The University of Utah's Independent Student Voice

The Daily Utah Chronicle

The University of Utah's Independent Student Voice

The Daily Utah Chronicle

The University of Utah's Independent Student Voice

The Daily Utah Chronicle

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Last line of defense

By Tom Quinn

As good as Morgan Warburton was in Saturday’s home win over BYU-her 25 points were both a game and career high-the real reason for the Utes’ dominance over the Cougars was the team’s outstanding team defense.

Coming into Saturday’s game, BYU was the top shooting team in the Mountain West Conference. The Cougars’ combination of tough post play and sharp perimeter shooting made their offense particularly difficult to defend.

At the hands of the Utes, however, BYU’s outside shooters couldn’t buy a bucket. Mallary Gillespie, the Cougars’ No. 1 threat from beyond the arc, converted on just two of her nine field goal attempts, a paltry 22 percent.

“Our coaches prepared us for this game all week long,” U senior guard Heidi Carlsen said. “They came up with a great game plan for us, and I think we did a pretty good job of executing it.”

U head coach Elaine Elliott may have devised the game plan, but it wouldn’t have worked without Carlsen and junior forward Marie Warner, both of whom followed Gillespie more closely than her own shadow. BYU’s star shooter was visibly frustrated for most of the game before fouling out late in the second half.

“Gillespie didn’t have a good night tonight,” Elliott said. “Marie’s effort and Heidi’s effort definitely helped (contain Gillespie).”? The rest of BYU’s perimeter players fared no better against Utah’s dogged defense. None of them made more than two shots, and the Cougars’ four-player rotation combined to make an anemic 7-of-32 from the field.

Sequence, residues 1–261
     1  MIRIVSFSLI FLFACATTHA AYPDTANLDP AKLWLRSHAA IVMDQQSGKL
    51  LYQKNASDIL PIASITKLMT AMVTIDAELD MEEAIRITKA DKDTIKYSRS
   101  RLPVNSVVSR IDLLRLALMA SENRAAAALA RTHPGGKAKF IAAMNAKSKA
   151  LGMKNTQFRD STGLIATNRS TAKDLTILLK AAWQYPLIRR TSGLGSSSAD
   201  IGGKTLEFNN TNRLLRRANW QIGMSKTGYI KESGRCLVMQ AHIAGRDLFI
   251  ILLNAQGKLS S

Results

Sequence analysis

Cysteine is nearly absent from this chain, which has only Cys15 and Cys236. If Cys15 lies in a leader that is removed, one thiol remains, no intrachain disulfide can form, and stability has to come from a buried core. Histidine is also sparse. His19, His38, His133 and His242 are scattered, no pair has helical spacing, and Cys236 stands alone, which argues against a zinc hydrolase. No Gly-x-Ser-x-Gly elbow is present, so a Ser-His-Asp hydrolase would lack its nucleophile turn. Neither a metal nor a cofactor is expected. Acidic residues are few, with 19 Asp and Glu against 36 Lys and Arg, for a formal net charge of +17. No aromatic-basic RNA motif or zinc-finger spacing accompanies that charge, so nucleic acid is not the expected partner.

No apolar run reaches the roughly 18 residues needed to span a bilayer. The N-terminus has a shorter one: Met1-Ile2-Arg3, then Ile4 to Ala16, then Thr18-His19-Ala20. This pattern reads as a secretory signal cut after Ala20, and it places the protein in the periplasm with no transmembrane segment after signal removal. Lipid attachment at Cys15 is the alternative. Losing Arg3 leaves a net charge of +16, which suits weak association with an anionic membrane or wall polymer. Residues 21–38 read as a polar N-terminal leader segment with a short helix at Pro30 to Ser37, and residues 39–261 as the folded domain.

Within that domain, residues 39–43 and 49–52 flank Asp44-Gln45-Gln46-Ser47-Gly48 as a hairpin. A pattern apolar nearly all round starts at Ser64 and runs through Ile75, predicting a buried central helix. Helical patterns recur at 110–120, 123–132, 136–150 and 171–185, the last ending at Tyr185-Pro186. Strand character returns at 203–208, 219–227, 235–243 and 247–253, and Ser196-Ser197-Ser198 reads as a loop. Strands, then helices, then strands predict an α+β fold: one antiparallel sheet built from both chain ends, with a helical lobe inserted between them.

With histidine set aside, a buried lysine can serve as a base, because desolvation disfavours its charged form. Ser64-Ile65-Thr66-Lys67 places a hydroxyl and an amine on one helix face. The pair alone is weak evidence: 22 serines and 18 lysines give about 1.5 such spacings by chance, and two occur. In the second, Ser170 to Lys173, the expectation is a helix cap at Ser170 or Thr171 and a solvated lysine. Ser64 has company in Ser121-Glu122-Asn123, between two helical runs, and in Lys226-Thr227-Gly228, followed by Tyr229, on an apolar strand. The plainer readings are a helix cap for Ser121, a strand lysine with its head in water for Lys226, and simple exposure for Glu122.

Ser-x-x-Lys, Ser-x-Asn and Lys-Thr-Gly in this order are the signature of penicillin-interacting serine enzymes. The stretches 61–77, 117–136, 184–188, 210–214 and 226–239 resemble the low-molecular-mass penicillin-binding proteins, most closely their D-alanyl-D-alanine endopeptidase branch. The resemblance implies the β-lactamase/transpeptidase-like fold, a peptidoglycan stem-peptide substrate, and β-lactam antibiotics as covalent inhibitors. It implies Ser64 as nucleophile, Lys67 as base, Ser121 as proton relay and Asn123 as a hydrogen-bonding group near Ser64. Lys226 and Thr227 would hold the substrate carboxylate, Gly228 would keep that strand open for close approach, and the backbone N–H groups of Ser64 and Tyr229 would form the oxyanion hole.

“We worked hard getting ready for this game,” Carlsen said. “After the slow start that we had, executing well in a game like this is a huge boost for our confidence.”

The lone player that continually frustrated the Utes’ defensive efforts was Dani Wright. The Cougars’ gargantuan center single-handedly kept BYU in contention during Utah’s second-half scoring barrage, despite being double- and triple-teamed virtually every time she touched the ball.

“We made some mistakes around her, but she’s the kind of player that can cause the other team to make mistakes,” said Elliot of Wright, who scored a team-high 21 points for BYU. “We just wanted her to earn her points, and she did.”

In addition to making Wright earn everything that she got, the Utes made sure that none of her teammates got any freebies either. The Cougars struggled to find any rhythm against Utah, at times looking utterly lost.?They turned the ball over 20 times, a statistic that ultimately turned into 14 points for the Utes.

“Tonight we were out-hustled, out-executed and outplayed,” said BYU head coach Jeff Judkins. “But I think we’ll learn from it.”

Lennie Mahler

Joh-Teena Filipe battles BYU center Dani Wright under the hoop in Saturday’s Utah victory in the Huntsman Center.

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